I am still boggled by other people thinking of me as athletic or physically accomplished. It is not a hat I am accustomed to wearing. I was clumsy as a kid, and I still have my moments. I feel less bad about this now that I know that it's a common symptom of hypermobility syndromes. In essence, my proprioception is made to spec, but my joints aren't; they have a lot more play, in multiple axes, than they're supposed to, and when they rattle out of tolerance my idea of where they are goes subtly wrong. The error bars build up over time to the point where I need to be able to see myself at rehearsal or I have no idea what I look like.

Other people do double-takes when they ask how I got somewhere and I tell them, "I walked." My theory is that, while it might take me an hour to tromp to where I need to be, that's an hour I can count on, as opposed to taking the bus, which might be exactly on time or might be forty minutes late without any warning. It is difficult to remember that other people don't walk for an hour, or dance for an hour, or knock around a weighted fitness hoop for an hour, because it would kill them dizzily, sweatily dead if they tried.

I got to the point of hooping easily for an hour because when I started out I decided that 'an hour' sounded like a nice round amount of rehearsal time to shoot for. Which I suppose just goes to show that I've never had a well-calibrated sense of normality, in any respect.

I don't feel like I can take any credit for the bendiness. Given my history, it's obviously congenital, and given my family history, it's obviously genetic. (My mother and all her sisters have always been as bendy as I am, and that side of the family has been accidentally compensating for the proprioception problem by training as dancers for generations.) I do want full marks for observing the myriad tiny ways in which it allows me to cheat at life -- everything from making certain hoop or dance steps easier, because I can rotate joints in/out/backwards much farther than normal, to whacking light switches with my feet when my hands are full, to never having encountered a fancy dress I could not zip all the way up by myself -- and for realizing I can take ruthless advantage of many of them. Fuck normal, I will just hang out with the Bohemians and the circus.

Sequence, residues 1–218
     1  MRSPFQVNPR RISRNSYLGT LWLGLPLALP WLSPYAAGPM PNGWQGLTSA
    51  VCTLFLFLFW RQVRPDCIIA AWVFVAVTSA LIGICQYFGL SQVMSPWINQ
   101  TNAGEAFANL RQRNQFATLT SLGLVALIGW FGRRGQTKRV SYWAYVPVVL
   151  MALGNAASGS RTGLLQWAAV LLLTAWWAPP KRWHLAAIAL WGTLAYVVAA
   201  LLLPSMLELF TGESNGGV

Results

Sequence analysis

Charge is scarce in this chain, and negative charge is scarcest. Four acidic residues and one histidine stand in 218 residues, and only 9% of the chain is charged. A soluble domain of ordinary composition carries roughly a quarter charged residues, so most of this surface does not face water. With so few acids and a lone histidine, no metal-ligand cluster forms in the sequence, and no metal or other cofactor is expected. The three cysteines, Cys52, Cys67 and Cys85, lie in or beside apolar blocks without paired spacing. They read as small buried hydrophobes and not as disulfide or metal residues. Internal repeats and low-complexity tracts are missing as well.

Recalibrating where I think I am on a scale of 'unimpressive' to 'amazing' has made me wonder if I could successfully take up a number of things I did not previously consider, on account of I thought they were astounding and that I was not. I can rélevé up into demi-pointe in bare feet and stay there pretty much indefinitely, which I did not realize other people couldn't do; I use it quite a bit, in fact, when I want to sneak in without waking people up in the middle of the night, to keep the loud pointy heels of my shoes off the wooden floors. In light of that, I suspect there is no good reason I could not pick up some rudimentary pointe work. As I get most of my idle practice in things like tap shoes and Harajuku Goth boots, I expect I'd want a shoe with a very hard shank and a very high vamp. I don't claim I'd look like a proper ballerina, only that I would be physically capable of doing it.

I'm still trying to figure out what it is about flipping upside-down that my brain objects to so vociferously, but once I get to the root of that, I should be able to figure out tumbling again. I quit gymnastics when I was a kid, because they wouldn't take 'no' for an answer when they wanted me on the uneven bars or the trapeze, but I'm a grownup and I can enforce that now.

So here's to 2015, when I finally realized, grudgingly, that I might kind of know what my limbs are doing after all.


  1. You are awesome. You are also limited. All human beings are of equal worth until they prove otherwise, but talents and abilities are no distributed evenly. You are in many ways blessed by nature.

    Where you have been truly lucky is to find a place your talents and skills can shine.

    May 2016 be a year of grand adventure and jolly companionship.


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